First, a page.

At first, I was upset at the quality of the photographs. Time had spoilt them. The colours had run and no amount of computer graphics retouching could recover them sufficiently. But soon afterwards, fond memories came back of not only my first trip out of the country but also a very significant trip behind the Bamboo Curtain.
I still remember the date for both photos: 11 Apr 1978. At that time, not many Malaysians could visit China as special permission was needed from the Malaysian government. Thus, it was a great wonder that all 11 of us Malaysians made it there, more so as official guests of their government.
The invitation came because of China's appreciation of Malaysia's role in sponsoring their entry into the World Chess Federation in 1974. So this was an official trip to the People's Republic of China. I sneaked in because my name had been proposed together with the Penang Chess Association president, Fang Ewe Churh, but while permission was not granted to him, it was given to me. Most probably, it was because I was still an active national player then. Nevertheless, Fang did get his chance to visit China a few years later when the Asian team chess championship was held in Hangchow.
I still remember that on the eve of our departure, we had to endure a briefing at the Ministry of Home Affairs where we were told how privileged we were to be able to enter China, what we could do and what we couldn't do, et cetera, et cetera, et cetera. We would be accompanied by two Ministry officials, one of them would be the head of the Malaysian delegation. They didn't need to tell us but everybody knew that they were there to keep an eye on us. They weren't chess players, they couldn't tell a bishop apart from a pawn. Why, were they afraid that we chess players were so weak-willed that we could be indoctrinated simply because we breathed the Chinese air and walked the Chinese soil? Mmm...such fear, such narrow-mindedness from the government of the day.
There was also an old man at the meeting. A person whose identity was unknown to me at that time. He spoke atrocious Bahasa Malaysia and yet, he commanded a great deal of respect from the government people. It turned out that he was supposed to be the 12th person on the official trip to China but he was pulling out at the last minute. The government officials were curious. They kept asking him why, why was he pulling out and would he like to change his mind? But no, he kept apologising for his decision, giving the reason as "gua tak senang, lah". Later, I learnt that both his name and his wife's name had been submitted to the government for approval but his wife was not allowed to join him. So, he decided he wouldn't want to go either. His wife was more important to him that the rare chance of visiting China! Who was this man? Turned out that he was a sponsor for the Malaysian delegation (RM10,000 in those days was a lot of money) and his name was Lim Goh Tong. That was my first and only brush with the famous man of Genting fame.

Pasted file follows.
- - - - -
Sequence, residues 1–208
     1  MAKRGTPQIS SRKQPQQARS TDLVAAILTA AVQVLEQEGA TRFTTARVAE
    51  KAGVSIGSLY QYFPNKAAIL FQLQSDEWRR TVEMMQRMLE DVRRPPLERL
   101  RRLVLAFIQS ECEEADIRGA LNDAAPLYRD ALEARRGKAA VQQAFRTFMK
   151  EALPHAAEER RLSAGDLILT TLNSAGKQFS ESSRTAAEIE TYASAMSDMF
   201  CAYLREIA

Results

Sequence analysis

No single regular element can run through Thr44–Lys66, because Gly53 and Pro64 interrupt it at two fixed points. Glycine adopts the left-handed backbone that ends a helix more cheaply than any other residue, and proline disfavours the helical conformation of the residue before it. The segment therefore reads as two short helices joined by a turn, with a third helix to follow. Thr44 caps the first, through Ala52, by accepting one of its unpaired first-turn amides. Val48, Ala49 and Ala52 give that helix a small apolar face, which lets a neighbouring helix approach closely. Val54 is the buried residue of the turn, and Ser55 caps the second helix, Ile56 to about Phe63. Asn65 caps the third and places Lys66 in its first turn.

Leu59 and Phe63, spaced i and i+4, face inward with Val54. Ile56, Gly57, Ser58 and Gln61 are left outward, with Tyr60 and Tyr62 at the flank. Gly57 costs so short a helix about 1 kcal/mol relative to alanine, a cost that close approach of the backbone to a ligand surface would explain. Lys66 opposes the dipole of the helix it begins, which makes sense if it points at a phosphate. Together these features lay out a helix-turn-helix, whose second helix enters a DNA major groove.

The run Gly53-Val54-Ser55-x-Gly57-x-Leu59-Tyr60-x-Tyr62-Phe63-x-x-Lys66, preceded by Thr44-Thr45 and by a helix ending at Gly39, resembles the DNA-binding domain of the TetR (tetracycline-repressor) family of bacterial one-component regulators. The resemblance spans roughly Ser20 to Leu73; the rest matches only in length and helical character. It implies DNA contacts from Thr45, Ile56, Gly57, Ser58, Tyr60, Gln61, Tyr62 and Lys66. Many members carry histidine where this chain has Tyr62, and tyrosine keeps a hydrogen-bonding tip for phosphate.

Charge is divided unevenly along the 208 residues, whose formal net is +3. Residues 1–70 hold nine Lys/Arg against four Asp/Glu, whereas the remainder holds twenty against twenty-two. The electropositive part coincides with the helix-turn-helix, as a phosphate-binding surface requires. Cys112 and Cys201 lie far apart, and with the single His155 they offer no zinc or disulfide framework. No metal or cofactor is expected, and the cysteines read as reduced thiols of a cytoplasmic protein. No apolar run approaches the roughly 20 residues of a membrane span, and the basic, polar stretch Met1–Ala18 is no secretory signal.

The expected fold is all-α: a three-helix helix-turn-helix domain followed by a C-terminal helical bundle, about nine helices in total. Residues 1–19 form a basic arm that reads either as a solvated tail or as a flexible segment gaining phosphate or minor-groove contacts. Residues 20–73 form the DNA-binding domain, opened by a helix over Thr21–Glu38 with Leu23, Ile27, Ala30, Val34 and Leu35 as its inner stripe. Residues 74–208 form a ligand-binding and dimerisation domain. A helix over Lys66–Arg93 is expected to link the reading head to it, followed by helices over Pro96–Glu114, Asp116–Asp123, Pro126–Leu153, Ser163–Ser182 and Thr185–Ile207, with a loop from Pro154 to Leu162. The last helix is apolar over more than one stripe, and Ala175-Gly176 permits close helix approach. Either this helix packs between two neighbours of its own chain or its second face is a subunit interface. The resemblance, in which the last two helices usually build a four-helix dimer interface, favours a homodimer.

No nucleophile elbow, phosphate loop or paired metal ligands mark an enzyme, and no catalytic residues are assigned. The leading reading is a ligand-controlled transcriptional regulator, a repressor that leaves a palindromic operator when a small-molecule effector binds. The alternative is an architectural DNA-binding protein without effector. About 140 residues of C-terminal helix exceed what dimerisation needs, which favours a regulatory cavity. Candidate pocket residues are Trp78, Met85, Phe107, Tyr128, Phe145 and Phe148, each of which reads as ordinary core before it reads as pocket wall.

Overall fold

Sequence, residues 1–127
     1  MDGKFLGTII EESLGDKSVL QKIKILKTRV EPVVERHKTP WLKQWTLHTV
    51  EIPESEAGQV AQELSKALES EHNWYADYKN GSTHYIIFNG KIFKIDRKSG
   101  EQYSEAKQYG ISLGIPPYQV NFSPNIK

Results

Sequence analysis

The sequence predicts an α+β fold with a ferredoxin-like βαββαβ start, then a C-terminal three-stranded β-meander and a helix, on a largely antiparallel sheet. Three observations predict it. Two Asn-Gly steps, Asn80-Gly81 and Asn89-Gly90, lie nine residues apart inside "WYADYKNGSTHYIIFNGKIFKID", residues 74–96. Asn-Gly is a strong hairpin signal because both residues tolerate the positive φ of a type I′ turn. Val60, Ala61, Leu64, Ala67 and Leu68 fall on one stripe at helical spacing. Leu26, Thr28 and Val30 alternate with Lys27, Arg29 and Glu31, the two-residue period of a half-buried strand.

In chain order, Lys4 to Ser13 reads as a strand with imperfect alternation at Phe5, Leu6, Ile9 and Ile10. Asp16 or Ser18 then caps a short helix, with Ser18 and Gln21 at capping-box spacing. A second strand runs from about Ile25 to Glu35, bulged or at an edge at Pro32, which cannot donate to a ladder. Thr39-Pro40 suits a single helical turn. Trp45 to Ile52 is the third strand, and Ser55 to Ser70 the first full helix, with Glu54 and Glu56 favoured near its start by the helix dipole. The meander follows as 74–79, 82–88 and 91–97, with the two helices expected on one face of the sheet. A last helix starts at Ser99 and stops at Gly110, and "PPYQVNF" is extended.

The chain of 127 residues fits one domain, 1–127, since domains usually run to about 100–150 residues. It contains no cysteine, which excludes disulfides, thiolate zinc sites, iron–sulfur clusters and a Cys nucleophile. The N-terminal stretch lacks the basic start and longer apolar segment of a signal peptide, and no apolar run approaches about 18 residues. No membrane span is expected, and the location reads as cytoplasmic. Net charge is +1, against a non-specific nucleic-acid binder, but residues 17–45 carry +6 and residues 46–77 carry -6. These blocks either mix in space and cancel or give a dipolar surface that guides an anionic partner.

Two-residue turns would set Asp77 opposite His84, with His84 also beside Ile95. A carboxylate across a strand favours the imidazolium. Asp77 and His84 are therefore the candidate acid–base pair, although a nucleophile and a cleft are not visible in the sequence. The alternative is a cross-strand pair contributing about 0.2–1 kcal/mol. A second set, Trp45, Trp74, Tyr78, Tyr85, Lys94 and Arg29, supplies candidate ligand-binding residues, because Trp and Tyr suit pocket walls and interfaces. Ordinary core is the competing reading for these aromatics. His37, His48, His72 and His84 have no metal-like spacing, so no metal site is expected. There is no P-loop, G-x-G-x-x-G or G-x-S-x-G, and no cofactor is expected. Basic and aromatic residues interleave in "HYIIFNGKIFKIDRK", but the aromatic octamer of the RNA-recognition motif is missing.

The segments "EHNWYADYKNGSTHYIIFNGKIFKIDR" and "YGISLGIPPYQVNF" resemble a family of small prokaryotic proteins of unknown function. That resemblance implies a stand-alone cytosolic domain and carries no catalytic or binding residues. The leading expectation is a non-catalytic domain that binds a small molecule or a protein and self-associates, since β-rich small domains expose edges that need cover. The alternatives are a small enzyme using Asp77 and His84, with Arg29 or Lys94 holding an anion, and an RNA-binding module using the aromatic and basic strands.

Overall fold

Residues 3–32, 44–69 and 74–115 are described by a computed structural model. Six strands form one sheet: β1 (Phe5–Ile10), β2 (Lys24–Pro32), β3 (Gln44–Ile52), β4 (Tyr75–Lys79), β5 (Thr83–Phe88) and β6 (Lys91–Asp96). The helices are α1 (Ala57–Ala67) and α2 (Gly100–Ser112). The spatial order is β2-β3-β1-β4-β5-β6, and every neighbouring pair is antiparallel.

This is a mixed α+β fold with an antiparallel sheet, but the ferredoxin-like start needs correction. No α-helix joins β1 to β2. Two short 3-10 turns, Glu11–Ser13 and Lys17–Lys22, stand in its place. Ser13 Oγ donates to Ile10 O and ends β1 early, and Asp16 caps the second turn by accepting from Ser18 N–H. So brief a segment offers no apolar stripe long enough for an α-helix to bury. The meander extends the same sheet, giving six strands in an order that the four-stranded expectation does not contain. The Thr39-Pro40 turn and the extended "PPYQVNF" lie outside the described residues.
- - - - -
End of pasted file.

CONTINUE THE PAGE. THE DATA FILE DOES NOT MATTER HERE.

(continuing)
Our point of entry into and exit from China was through Sham Chun (Shenzhen). We entered Sham Chun by rail from Hongkong on 1 Apr 1978 and proceeded to Canton (Guangzhou). At that time, Sham Chun was just a small agricultural town accessible from Lo Wu (the northernmost station on the Kowloon railway line) by a footbridge over the Sham Chun River. As we walked across the bridge, we felt like in a goldfish bowl. All around us, we were constantly under the quiet gaze - psychologically oppressive - of the armed soldiers of the Chinese army, their eyes following us. They only relaxed when eventually, we reached the main building and were greeted by some Chinese officials. From there on, it was VIP treatment all the way until we crossed this bridge again.
From Canton, we flew to Shanghai, detoured to Hangchow (Hangzhou) and Soochow (Suzhou), and finally continued onwards to Peking (Beijing) before flying back to Canton, a trip of some 16 days. Our internal flights in China were by courtesy of the Civil Aviation Administration of China (CAAC) air service, at that time still run by the People's Liberation Army Air Force. I think they were either the Soviet-made Ilyushin aircraft or Trident or at least the Lockheed that we boarded. Don't count on luxury with CAAC, though. It was all very basic travel needs and the only items served on board for each flight were sweets. Yes, Chinese sweets! No drinks. But at least, they provided towels before the descent.
The people in the photographs below consisted of the Malaysian chess team (including MCF president Tan Chin Nam and MCF secretary Victor Vijiarungam), the two Ministry spooks and representatives of the Chinese Chess Association, including their two official interpreters who spoke impeccable Bahasa Malaysia. I wonder where most of them are now.
Great Wall, Badaling
Back row: Chan Swee Loon, Chinese official, Subramaniam Ramiah, Chinese official; Middle row: Christi Hon, Yusuf (I think that was his name, from you-know-where), Chinese official, Wan Ahmad Radzi (also from you-know-where), Chang (Chinese official), Tan Chin Nam, Victor Vijiarungam, Ms Chao (junior interpreter), Mdm Hu (senior interpreter); Front row: Hu Yu Kuang, Chinese player, me (of course), Abdul Rahman Ahmad, Tan Bian Huat, Chinese player
(Christi and Bian Huat were both wearing the horrendous dark blue MCF batik shirt made specially for this occasion. Subra was all zipped up but beneath his wind-breaker was also the same batik shirt. Mine is already misplaced somewhere but I'm not sorry for losing it.)
Spirit Way leading to the Ming Dynasty Tombs at Ting Ling
On the stone camel: me (again), Chan Swee Loon; Standing: Mdm Hu, Tan Chin Nam, Chinese official, Wan Ahmad Radzi, Chang (Chinese official), Yusuf, Victor Vijiarungam, Abdul Rahman Ahmad, Christi Hon, Ms Chao; Squatting: Chinese official, Chinese player, Hu Yu Kuang, Chinese player, Subramaniam Ramiah, Chinese official, Tan Bian Huat